Good luck either way. ;)

  5. #5
    Caffeine Junky
    Join Date
    May 2009
    Posts
    1,103

    Re: Roaster conundrum!

    Likes others have already said, its unclear what the longer term objectives are.* It sounds like you want to make it a hobby to start with but also have the potential to become a commercial venture.

    From what cjn has said even with 36 productive trees you would not be producing enough coffee to provide the needs of a cafe.* Never mind the processing and quality issues he also mentioned.

    You could try getting a local commercial roaster to roast your beans for you, but then what are you going to do with 20kg of roasted coffee beans (which should ideally be consumed within 1-3 weeks of roasting)?

    Personally Id start with a domestic roaster (there are cheaper options than the Hottop, although these are very good home roasters).* That way if you realise what you had first envisioned is not practical then you would have only lost a few hundred dollars at most. On the other hand if things do go well you can then go ahead and spend big bucks on a commercial roaster.

    You can sell the smaller roaster or keep it for test roasts. I know a very good roaster in Adelaide who used to use the Genecafe as his sample roaster.


  6. #6
    Senior Member greenman's Avatar
    Join Date
    May 2007
    Location
    Perth, Western Australia
    Posts
    3,157

    Re: Roaster conundrum!

    Hi Kitty, have a talk to Mark at Coffee Roasters Australia, located on the Gold Coast not too far from you, he should be able to steer you in the right direction as to type of roasting equipment that would suit your needs :) :)

  7. #7
    Junior Member KittyJones's Avatar
    Join Date
    Jan 2012
    Location
    Tamborine, QLD
    Posts
    8

    Re: Roaster conundrum!

    Thanks everyone,

    Great ideas, my preferred choice at the moment for preparing the beans will be the soak method (hand picking and pulping as well as I wont have that much to do initially), though Im still researching the best way to ensure the materials I use for the tub will be mould resistant and safe for consumption. (Im keen to build a two or three part tub that will separate the flesh from the beans easily, allowing me to scoop out flesh and floaters from the top section leaving the beans in the middle and the particulate matter to fall to the bottom - also if I manage to make the tub in sections, I can lift them out, discard the waste, then change the water before reassembling the tub).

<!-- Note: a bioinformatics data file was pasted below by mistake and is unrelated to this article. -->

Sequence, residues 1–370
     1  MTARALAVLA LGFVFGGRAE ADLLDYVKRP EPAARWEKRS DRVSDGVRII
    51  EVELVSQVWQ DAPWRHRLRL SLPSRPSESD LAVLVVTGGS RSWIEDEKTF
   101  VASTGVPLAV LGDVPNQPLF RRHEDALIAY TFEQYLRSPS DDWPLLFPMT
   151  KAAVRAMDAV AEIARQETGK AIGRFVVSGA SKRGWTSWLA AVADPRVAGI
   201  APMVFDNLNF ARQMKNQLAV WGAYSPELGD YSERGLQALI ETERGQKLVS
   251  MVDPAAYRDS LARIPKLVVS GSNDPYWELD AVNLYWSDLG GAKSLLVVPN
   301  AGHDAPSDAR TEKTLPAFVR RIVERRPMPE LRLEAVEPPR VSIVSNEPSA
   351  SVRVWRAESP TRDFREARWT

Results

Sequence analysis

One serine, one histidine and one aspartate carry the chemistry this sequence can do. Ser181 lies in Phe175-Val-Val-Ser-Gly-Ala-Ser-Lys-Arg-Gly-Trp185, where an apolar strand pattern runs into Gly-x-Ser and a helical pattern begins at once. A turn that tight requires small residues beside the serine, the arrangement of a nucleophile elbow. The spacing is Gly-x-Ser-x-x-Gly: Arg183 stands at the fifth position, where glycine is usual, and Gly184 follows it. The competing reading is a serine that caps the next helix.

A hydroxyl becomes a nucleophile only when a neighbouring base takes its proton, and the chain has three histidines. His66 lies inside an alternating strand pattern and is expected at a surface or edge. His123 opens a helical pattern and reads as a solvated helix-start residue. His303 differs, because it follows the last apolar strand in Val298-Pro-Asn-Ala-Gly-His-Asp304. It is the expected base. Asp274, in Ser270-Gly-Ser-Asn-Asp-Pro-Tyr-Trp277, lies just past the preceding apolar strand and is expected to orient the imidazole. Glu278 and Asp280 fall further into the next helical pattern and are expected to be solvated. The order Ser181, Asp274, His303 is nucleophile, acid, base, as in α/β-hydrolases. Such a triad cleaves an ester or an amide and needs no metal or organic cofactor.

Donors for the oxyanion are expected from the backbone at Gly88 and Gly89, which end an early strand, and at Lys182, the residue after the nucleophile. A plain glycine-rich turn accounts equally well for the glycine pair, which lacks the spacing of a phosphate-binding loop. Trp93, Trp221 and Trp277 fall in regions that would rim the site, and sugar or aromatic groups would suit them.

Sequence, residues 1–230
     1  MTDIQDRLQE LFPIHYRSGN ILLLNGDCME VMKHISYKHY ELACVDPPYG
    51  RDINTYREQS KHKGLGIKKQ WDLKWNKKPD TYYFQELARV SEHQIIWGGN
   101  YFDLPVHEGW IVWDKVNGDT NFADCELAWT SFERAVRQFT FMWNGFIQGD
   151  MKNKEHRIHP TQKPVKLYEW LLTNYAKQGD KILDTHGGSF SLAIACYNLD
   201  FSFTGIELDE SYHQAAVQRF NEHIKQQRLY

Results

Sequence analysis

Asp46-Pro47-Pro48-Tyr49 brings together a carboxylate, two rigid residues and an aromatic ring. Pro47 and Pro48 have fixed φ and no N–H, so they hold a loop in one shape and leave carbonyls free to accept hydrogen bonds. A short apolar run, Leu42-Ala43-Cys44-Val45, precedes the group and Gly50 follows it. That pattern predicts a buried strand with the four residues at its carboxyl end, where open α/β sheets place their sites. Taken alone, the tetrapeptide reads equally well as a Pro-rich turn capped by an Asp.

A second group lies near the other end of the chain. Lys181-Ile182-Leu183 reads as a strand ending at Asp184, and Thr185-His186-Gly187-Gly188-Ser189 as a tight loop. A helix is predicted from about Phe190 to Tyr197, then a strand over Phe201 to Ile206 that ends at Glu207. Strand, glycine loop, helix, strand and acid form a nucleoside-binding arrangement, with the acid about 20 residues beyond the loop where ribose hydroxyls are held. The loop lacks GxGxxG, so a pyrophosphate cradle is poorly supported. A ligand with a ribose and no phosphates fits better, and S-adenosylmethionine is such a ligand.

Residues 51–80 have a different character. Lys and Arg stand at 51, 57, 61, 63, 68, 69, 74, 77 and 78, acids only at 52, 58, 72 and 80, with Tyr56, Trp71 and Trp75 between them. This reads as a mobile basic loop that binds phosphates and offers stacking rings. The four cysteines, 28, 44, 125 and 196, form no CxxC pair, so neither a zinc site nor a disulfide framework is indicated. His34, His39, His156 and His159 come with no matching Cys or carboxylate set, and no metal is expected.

I would then have drying mesh racks that I can lay the beans out flat, but have it raised for better air circulation and so that the hull can crack open and fall through.

    I had also figured on freezing the beans green (or vacuum sealing perhaps?) and roasting them as I need them. That way I can learn roasting technique without wasting my crop.

    Thankyou for the tip on the Genecafe, Caffeine Junky, and Greenman I will definitely have a chat with Mark.

    I also have room on the property for a couple hundred trees, though I dont want to expand too rapidly. Id like it to expand as my skills increase so that I am able to cope. This is why Im germinating around 20 trees each time. I skipped a couple of years while I was setting up the property, but will aim to germinate roughly 20 trees each year.

    I also like the idea of encouraging Australian growers, so if in the event of a future cafe, I would like to seek coffee from other sources to compliment my own. I could have a coffee showcase!!

    You are all such a wonderful help and inspiration already* :D

  8. #8
    Senior Member Bosco_Lever's Avatar
    Join Date
    May 2009
    Location
    QLD
    Posts
    442

    Re: Roaster conundrum!

    Quote Originally Posted by 0624393934072223283E4D0 link=1326252964/2#2 date=1326254314
    Its a hobby farm - at the moment - in Tamborine.
    I gather you mean Mt Tamborine, near the Gold Coast?